Storm outfalls or Combined Sewage Outfalls (CSOs) are a key source of pollution in the aquatic environment. Over the last year, there has been a massive increase in the number of monitoring systems. Now, with a new understanding of the number of discharge events taking place, the UK is now set to legislate for improvements.
Understanding the sewage outfall challenge
Stormwater discharge events releasing untreated sewage to the aquatic environment were designed as occasional events to prevent excess water backing up into homes and streets.
However, the latest data shows such events are becoming far more frequent than first anticipated in the UK.
Monitoring of stormwater discharge events is fundamental to understanding what is happening. As a result, Event Duration Monitoring (EDM) data is key to improving the environment.
As a result, the Environment Agency is pushing a programme to install monitors on every outflow in England and Wales by the end of 2023. Just over 12,000 of the 15,000 storm overflows in England were being monitored by the end of 2020. This is a significant achievement given that there were just over 800 monitored storm outfalls in 2016.
“A total of £1.1 billion is being invested by water companies to improve storm overflows over the next five years.”
Furthermore, although water companies are legally obliged to monitor and report EDM data from storm overflows, until recently, that data was not widely publicly available. Now it is reported annually, and the latest figures reveal the scale of the problem in the UK. Last year there were close to 15,000 separate overflow incidents across the country with an average duration of eight hours.
Achieving 100 per cent monitoring of the 14,630 overflows in England by 2023 could see £1.1 billion invested by water companies to improve storm overflows over the next five years, according to industry trade body Water UK.
The statement added that “Storm overflows account for only around 4 per cent of all the reasons for rivers and waterways not achieving good ecological status, so it’s essential to deal with all the other sources of harm.”
Taking action on water quality
Nonetheless, although the huge increase in monitoring is partly responsible for the increase in discharge figures, the numbers also reveal that the average number of spills per storm overflow was 33 over the year.
With figures showing a discharge on average every 10 days or so and some 400,000 discharge events, this cannot be considered an occasional event. It dwarfs the roughly 3,000 Combined Sewer Overflow (CSO) discharge notifications issued between 2019 and 2020 through the Safer Seas Service (SSS) from campaign group Surfers Against Sewage (SAS).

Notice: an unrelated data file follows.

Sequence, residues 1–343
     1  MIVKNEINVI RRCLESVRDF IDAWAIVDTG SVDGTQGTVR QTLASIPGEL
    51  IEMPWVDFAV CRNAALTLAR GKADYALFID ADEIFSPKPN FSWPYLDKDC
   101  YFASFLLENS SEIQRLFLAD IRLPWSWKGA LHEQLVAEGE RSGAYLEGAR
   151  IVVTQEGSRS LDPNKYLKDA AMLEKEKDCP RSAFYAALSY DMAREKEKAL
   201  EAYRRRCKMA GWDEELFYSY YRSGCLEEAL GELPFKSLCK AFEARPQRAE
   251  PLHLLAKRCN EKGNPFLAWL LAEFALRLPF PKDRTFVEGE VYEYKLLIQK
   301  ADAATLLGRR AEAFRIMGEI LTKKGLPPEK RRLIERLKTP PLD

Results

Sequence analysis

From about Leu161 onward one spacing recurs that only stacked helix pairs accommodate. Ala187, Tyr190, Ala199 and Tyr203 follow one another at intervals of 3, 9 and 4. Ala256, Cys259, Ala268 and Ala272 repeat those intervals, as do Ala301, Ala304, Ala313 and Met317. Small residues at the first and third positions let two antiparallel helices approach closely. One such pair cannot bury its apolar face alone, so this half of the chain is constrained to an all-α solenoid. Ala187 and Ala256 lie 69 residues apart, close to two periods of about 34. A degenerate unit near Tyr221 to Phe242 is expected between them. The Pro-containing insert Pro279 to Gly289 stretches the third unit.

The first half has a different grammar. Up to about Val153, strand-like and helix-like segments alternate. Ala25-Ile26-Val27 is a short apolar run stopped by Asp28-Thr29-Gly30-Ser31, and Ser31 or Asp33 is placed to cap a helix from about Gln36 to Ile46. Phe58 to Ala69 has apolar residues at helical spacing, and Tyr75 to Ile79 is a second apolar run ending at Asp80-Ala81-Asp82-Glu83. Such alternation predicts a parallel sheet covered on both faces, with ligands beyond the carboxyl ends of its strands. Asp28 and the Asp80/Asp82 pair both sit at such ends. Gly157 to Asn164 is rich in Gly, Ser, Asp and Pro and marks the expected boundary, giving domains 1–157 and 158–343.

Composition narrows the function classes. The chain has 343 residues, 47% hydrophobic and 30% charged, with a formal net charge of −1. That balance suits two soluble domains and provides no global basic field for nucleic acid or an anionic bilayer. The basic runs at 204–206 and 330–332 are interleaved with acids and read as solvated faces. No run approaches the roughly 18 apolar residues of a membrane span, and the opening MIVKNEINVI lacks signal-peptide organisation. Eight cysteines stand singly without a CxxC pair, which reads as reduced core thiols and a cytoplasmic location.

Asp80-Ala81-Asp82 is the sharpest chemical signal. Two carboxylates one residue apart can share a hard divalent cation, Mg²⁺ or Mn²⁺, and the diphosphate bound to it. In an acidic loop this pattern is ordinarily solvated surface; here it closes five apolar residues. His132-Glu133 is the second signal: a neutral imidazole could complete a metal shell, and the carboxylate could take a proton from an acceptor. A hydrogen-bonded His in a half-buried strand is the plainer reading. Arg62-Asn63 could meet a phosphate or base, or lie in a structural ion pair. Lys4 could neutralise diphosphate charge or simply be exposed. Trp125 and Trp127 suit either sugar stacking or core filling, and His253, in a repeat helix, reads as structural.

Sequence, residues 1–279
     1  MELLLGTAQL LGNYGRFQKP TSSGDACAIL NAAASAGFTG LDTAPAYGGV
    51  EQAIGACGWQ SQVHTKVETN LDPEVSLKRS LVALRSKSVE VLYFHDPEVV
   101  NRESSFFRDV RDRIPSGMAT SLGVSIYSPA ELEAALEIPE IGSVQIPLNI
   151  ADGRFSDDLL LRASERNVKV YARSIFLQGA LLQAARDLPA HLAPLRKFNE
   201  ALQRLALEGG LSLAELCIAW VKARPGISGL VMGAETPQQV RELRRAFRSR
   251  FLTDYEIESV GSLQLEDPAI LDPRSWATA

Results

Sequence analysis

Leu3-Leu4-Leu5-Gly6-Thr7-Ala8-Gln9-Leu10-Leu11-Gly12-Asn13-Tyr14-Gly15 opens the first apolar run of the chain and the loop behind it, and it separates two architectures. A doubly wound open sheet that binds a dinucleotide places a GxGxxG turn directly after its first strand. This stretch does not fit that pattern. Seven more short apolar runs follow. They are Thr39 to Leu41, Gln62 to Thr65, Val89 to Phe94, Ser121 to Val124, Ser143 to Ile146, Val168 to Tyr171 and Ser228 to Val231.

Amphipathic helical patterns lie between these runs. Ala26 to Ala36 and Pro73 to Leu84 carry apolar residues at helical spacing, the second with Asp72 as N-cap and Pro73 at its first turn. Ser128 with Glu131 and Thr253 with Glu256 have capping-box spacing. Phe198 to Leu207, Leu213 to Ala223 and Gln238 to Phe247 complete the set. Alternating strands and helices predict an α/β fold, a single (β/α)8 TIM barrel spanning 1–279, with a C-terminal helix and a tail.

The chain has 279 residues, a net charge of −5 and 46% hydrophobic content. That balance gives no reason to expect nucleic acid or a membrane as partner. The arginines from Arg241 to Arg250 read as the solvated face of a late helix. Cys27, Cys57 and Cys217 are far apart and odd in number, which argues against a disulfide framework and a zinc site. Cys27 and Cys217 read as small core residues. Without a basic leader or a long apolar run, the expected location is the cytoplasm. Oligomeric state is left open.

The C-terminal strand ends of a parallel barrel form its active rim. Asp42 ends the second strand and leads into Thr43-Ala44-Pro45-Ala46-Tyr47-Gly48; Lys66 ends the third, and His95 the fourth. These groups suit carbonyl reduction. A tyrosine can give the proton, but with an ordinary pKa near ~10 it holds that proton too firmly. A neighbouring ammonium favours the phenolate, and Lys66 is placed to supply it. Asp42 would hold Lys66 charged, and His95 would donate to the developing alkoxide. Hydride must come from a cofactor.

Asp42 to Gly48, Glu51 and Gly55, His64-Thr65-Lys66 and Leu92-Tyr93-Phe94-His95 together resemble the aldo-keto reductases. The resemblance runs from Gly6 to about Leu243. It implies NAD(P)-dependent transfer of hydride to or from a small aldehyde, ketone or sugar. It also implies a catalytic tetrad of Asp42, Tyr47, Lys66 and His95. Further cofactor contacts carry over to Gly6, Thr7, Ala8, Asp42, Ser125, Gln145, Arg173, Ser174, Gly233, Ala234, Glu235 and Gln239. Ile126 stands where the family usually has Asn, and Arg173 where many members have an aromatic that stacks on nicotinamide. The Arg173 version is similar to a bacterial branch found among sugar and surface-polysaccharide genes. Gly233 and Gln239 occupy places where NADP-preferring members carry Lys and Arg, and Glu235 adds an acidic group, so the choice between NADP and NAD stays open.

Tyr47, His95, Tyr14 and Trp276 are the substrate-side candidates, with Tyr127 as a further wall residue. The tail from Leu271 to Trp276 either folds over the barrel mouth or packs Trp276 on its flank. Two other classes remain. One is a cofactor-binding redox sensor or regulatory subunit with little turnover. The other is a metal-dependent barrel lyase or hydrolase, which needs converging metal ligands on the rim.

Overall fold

“The 2020 data indicates that, appallingly, almost one in five overflows across England are discharging more than 60 times per year, a number which is supposed to trigger an EA investigation,” noted Michelle Walker, deputy technical director of The Rivers Trust.
“This is a staggering statistic, and The Rivers Trust is now calling for greater transparency and publication of real-time monitoring of overflows which are discharging more than 20 times per year so the appropriate measures can be taken to improve the situation.”
Taking action on water quality
Given the growing evidence that storm outflow events are damaging UK waterways, earlier this year the Storm Overflows Taskforce – made up of Defra, the Environment Agency, Ofwat, Consumer Council for Water, Blueprint for Water and Water UK – agreed on a long-term goal to end the damaging pollution caused by storm overflows.
Through the Taskforce, water companies have committed to increasing the number of overflows they will improve by 2025, with a further 800 overflows to be investigated.
Even so, recording such a high frequency of storm outflow discharge events over the last year makes newly planned legislation to tackle water quality all the more significant. At the end of March UK Environment Minister Rebecca Pow announced that legislation designed to reduce the harm from storm overflows will be introduced.
"Increased data discovery and monitoring of storm outflows are already paying dividends in making the compelling case for action on water quality."
The Bill, which follows on from a private members bill from Philip Dunne MP, will create key duties for water companies, government and regulators.
For example, the government is to publish a plan to reduce sewage discharges from storm overflows by September 2022 and will have a duty to report progress on its implementation. Furthermore, under the Bill's terms, water companies will be required to publish annual data on storm overflow operation.
The government expects to open a consultation on potential options to eliminate storm overflow harm later this year.
In any event, increased data discovery and monitoring of storm outflows is the first step to managing and mitigating their impact. It is already paying dividends in making a compelling case for action on water quality.
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